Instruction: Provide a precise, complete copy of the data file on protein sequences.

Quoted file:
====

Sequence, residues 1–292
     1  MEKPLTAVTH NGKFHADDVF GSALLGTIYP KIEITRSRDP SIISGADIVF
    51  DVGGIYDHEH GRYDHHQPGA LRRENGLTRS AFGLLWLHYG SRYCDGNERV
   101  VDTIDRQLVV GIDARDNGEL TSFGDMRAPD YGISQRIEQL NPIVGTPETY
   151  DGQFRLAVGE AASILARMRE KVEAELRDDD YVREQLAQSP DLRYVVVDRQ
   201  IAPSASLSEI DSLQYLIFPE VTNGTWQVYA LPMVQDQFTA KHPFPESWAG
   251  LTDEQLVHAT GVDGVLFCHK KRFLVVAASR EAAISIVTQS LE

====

Sequence, residues 1–292
     1  MEKPLTAVTH NGKFHADDVF GSALLGTIYP KIEITRSRDP SIISGADIVF
    51  DVGGIYDHEH GRYDHHQPGA LRRENGLTRS AFGLLWLHYG SRYCDGNERV
   101  VDTIDRQLVV GIDARDNGEL TSFGDMRAPD YGISQRIEQL NPIVGTPETY
   151  DGQFRLAVGE AASILARMRE KVEAELRDDD YVREQLAQSP DLRYVVVDRQ
   201  IAPSASLSEI DSLQYLIFPE VTNGTWQVYA LPMVQDQFTA KHPFPESWAG
   251  LTDEQLVHAT GVDGVLFCHK KRFLVVAASR EAAISIVTQS LE